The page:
Satya Nadella, Elon Musk, Mark Zuckerberg, Sundar Pichai and others gather for closed Senate session for AI
Senior figures within the tech industry gathered on Wednesday in Washington DC to discuss with US politicians the thorny issue of artificial intelligence (AI).
Tech leaders attending the meeting included Meta’s Mark Zuckerberg, Alphabet boss Sundar Pichai, Tesla’s Elon Musk, OpenAI CEO Sam Altman, and Microsoft’s former CEO Bill Gates and current CEO Satya Nadella.
The CEOs of IBM, Nvidia, and Palantir also attended.
Senate Majority Leader Chuck Schumer hosted the panel of tech executives, labour and civil rights leaders as part of the Senate’s inaugural “AI Insight Forum”, which was held behind closed doors.
AI Insight Forum
Tech leaders reportedly called for balanced regulation of the technology, and there was said to be universal agreement about the need for government regulation of AI.
Earlier in the year, the US Chamber of Commerce had called for the regulation of artificial intelligence technology – a surprising stance considering its traditional anti-regulatory stance of the business lobby group.
At the event, Mark Zuckerberg said the US Congress “should engage with AI to support innovation and safeguards. This is an emerging technology, there are important equities to balance here, and the government is ultimately responsible for that.”
Zuckerberg added it was “better that the standard is set by American companies that can work with our government to shape these models on important issues.”
Meanwhile Elon Musk, according to Reuters, called for a US “referee” to ensure the safe use of AI.
“It’s important for us to have a referee,” Musk told reporters, comparing it to sports. The billionaire, added that a regulator would “ensure that companies take actions that are safe and in the interest of the general public.”
“It was a very civilized discussion actually among some of the smartest people in the world,” Musk told reporters on his way out. “Sen. Schumer did a great service to humanity here along with the support of the rest of the Senate. And I think something good will come of this.”
Musk confirmed he had called AI “a double-edged sword” during the forum.
In March, Musk and a group of AI experts and executives had called for a six-month pause in developing systems more powerful than OpenAI’s GPT-4, citing potential risks to society.
In April Elon Musk had met with Senate Majority Leader Chuck Schumer and other US lawmakers about artificial intelligence regulation.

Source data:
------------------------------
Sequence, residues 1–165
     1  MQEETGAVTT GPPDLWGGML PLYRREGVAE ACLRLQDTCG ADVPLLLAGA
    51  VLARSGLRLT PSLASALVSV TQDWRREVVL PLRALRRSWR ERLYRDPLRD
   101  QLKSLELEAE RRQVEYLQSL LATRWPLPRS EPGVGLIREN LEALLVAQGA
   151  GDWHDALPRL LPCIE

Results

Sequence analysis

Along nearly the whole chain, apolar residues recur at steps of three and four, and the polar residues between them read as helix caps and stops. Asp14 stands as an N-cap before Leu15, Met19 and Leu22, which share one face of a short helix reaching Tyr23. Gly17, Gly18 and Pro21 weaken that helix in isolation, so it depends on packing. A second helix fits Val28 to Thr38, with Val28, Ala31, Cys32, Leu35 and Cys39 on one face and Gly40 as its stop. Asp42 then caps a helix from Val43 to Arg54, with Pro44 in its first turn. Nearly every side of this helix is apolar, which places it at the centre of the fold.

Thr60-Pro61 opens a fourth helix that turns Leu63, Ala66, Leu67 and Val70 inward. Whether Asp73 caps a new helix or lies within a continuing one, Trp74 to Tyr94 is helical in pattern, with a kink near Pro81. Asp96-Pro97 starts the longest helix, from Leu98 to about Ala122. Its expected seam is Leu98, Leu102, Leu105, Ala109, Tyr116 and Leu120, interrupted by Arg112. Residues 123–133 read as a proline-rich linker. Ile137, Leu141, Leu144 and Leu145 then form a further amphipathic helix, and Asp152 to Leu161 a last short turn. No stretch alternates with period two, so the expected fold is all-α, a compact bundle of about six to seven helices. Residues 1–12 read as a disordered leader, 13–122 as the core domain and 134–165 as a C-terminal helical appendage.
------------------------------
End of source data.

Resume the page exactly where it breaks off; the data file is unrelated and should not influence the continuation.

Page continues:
Meanwhile Alphabet’s Sundar Pichai outlined four areas where US lawmakers could play an important role in the development of AI in the years ahead. First by crafting policies that support innovation, including through research and development investment or immigration laws that incentivise talented workers to come to the US.
Second, “by driving greater use of AI in government;” third by applying AI to big problems like detecting cancer; and finally by “advancing a workforce transition agenda that benefits everyone.”
Schumer was quoted by Reuters as saying the panel was attended by more than 60 US senators, and that the closed forum allowed for an open discussion among the attendees, without the normal time and format restrictions of a public hearing.
But Schumer said some future forums would be open to public view.
“We are beginning to really deal with one of the most significant issues facing the next generation and we got a great start on it today,” Chuck Schumer was quoted by Reuters as telling reporters after the meetings. “We have a long way to go.”
AI Safety Summit
Meanwhile a global AI Safety Summit is to be held at the world famous Bletchley Park on 1 and 2 November 2023.
It will be the first major international summit of its kind on the safe use of artificial intelligence, and will host talks “to explore and build consensus on rapid, international action to advance safety at the frontier of AI technology.”
The summit comes after multiple calls from some AI experts about the risks of ungoverned development of AI systems in the years ahead.
In July the issue of AI was discussed the United Nations Security Council, as nations and governments around the world grapple over its regulation and governance.
The UK under Prime Minister Rishi Sunak agreed with President Biden in June to host an international summit on the risks and regulation of AI later this year.
The UK PM also said he wanted the UK to be the “geographical home” of coordinated international efforts to regulate AI.
The UK has already set out its plan to regulate the artificial intelligence (AI) sector and proposed five principles to guide its use via its “adaptable” AI plan, so as to not stifle innovation.
Other governments and nations are at different states of proposed legislation of the technology.